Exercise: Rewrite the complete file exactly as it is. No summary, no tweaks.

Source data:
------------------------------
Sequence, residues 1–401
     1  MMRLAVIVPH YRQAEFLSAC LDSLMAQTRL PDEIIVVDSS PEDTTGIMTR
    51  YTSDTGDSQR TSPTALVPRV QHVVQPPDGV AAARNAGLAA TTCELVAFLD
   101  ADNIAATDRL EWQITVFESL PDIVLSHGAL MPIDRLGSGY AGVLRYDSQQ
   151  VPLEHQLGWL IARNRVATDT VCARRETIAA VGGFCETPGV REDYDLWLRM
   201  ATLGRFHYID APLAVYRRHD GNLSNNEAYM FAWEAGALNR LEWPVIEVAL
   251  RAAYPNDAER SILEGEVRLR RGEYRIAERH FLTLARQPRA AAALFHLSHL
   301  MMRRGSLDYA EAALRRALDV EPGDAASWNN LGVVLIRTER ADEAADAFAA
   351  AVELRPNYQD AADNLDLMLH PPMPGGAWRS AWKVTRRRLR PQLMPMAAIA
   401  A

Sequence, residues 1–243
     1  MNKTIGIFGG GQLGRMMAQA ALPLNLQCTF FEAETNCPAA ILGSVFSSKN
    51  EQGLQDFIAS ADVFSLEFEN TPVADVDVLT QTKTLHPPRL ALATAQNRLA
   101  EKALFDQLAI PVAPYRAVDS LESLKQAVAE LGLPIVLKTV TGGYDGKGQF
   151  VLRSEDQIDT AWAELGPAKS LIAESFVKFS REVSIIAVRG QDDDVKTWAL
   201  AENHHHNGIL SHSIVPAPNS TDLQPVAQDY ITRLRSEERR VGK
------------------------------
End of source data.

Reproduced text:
Sequence, residues 1–401
     1  MMRLAVIVPH YRQAEFLSAC LDSLMAQTRL PDEIIVVDSS PEDTTGIMTR
    51  YTSDTGDSQR TSPTALVPRV QHVVQPPDGV AAARNAGLAA TTCELVAFLD
   101  ADNIAATDRL EWQITVFESL PDIVLSHGAL MPIDRLGSGY AGVLRYDSQQ
   151  VPLEHQLGWL IARNRVATDT VCARRETIAA VGGFCETPGV REDYDLWLRM
   201  ATLGRFHYID APLAVYRRHD GNLSNNEAYM FAWEAGALNR LEWPVIEVAL
   251  RAAYPNDAER SILEGEVRLR RGEYRIAERH FLTLARQPRA AAALFHLSHL
   301  MMRRGSLDYA EAALRRALDV EPGDAASWNN LGVVLIRTER ADEAADAFAA
   351  AVELRPNYQD AADNLDLMLH PPMPGGAWRS AWKVTRRRLR PQLMPMAAIA
   401  A

Sequence, residues 1–243
     1  MNKTIGIFGG GQLGRMMAQA ALPLNLQCTF FEAETNCPAA ILGSVFSSKN
    51  EQGLQDFIAS ADVFSLEFEN TPVADVDVLT QTKTLHPPRL ALATAQNRLA
   101  EKALFDQLAI PVAPYRAVDS LESLKQAVAE LGLPIVLKTV TGGYDGKGQF
   151  VLRSEDQIDT AWAELGPAKS LIAESFVKFS REVSIIAVRG QDDDVKTWAL
   201  AENHHHNGIL SHSIVPAPNS TDLQPVAQDY ITRLRSEERR VGK